We'll learn what round two looks like in the next day or two. I guess that our side has already come up with a "staircase" of ascending sanctions.
Two things about sanctions:
(1) They work over time. The effect is not instant (or if there is an instant effect, the effect over time is likely to be much stronger). Probably 3 to 6 months is the time frame where we could expect that the pain is near maximum.
(2) It's up to the Other Guy, to decide whether The Pain means more to him than The Prize (whatever he's going for).
If you consider total war scenarios, the side that was going down to defeat somtimes kept fighting after (a) it was pretty obvious that they no longer had much prospect of victory, and (b) the economic costs were astronomical.
One example is 1945 Germany: the physical and economic damage to Germany was on an astronomical scale, but Germany fought on until Berlin was physically overrun.
Another example is the US Civil War. Very late in the war, the CSA held a conference of high political and military staff officers, to discuss the war situation and what the South could do. This conference included a report prepared by a young military officer on the South's war damage; he estimated that the economic losses to the CSA exceeded the entire quantity of specie existing on Earth at that moment (specie means hard money, like silver coins or gold-standard notes). Yet the South fought on for months after that.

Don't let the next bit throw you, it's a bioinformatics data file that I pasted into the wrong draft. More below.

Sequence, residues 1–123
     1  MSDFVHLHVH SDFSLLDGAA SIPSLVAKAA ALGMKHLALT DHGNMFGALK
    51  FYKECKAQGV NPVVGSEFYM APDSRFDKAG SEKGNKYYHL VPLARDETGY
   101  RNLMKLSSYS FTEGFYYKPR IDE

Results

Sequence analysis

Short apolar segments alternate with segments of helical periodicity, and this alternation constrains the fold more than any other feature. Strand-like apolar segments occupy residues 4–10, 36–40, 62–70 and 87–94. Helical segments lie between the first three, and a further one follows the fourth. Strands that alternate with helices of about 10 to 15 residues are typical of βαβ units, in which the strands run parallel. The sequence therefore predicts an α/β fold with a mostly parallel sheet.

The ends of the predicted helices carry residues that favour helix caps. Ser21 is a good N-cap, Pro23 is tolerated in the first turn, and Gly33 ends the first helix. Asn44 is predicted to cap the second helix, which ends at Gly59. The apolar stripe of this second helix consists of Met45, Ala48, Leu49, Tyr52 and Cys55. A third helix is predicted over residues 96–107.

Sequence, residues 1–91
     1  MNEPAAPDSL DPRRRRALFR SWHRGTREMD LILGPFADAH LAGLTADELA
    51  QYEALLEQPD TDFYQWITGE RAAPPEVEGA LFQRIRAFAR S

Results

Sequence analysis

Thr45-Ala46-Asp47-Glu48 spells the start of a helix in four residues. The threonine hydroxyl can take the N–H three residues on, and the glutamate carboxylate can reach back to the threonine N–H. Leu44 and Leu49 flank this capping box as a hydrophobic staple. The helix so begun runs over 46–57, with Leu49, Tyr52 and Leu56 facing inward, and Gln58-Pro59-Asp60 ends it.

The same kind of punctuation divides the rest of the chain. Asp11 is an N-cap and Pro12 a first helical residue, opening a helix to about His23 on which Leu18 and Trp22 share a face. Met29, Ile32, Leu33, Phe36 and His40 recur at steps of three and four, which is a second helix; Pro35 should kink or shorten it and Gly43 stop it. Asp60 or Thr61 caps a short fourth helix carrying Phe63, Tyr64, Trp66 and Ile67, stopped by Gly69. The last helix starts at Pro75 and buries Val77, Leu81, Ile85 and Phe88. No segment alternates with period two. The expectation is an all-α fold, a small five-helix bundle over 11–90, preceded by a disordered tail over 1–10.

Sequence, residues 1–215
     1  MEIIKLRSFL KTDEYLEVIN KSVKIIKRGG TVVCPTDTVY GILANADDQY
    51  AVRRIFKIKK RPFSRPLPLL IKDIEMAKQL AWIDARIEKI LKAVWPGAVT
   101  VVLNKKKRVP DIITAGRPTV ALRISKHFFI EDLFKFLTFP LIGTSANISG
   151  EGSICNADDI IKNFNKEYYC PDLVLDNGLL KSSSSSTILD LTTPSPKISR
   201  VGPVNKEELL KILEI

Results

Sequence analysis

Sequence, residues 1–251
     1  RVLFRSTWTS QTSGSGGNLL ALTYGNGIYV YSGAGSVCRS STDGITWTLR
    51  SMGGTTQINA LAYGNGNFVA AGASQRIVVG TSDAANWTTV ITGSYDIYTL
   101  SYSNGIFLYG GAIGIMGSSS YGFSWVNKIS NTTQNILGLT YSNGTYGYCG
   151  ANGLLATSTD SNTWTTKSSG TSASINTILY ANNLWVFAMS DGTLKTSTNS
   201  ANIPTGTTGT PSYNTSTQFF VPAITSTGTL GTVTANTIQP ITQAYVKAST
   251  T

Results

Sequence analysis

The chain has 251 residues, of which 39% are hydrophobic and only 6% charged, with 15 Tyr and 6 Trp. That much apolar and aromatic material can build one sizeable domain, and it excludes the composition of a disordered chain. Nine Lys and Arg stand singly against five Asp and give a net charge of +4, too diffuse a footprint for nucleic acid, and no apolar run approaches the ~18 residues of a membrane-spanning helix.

If Putin has the "red mist", he won't back down because lots of people are suffering: he doesn't care much about people. Sanctions could move him in two ways: if he cares enough about his Big Program for Russia that he will let go of a little pride in order to save it; or if he is overthrown by people who ARE in pain and won't tolerate any more.
the sanctions so far were laughed at. I think sanctions have very little affect because some government will be of some help just to be against them. As of right now there is no will to do much in America and unless that changes I doubt America will honor it commitment to protect Ukraine. It will be up to Ukraine to change the mind or will of the American people if they want help. I doubt Europe can do much without hurting there own people. Unless western Europe finds a way to free its self from Russian gas there will not be much they can do. Russia has already taken a pumping station in the Kherson region and working on taking Donetsk.
sanctions work if they are substantial.
if it was done yesterday and done on a total cross the board scale any country would consider their future doings when crossing the line of sovereignty.
politicians end of the day are only as strong as the will of its people.
i was very surprised myself some years ago how much trade Russia dose to the outside world when living there for a little while.
many company's are very dependent on such, specially it seems around Europe.
if bank accounts were seized and all trade stopped and i mean all trade, i wonder how long its people would chant rusia over a sovereignty state.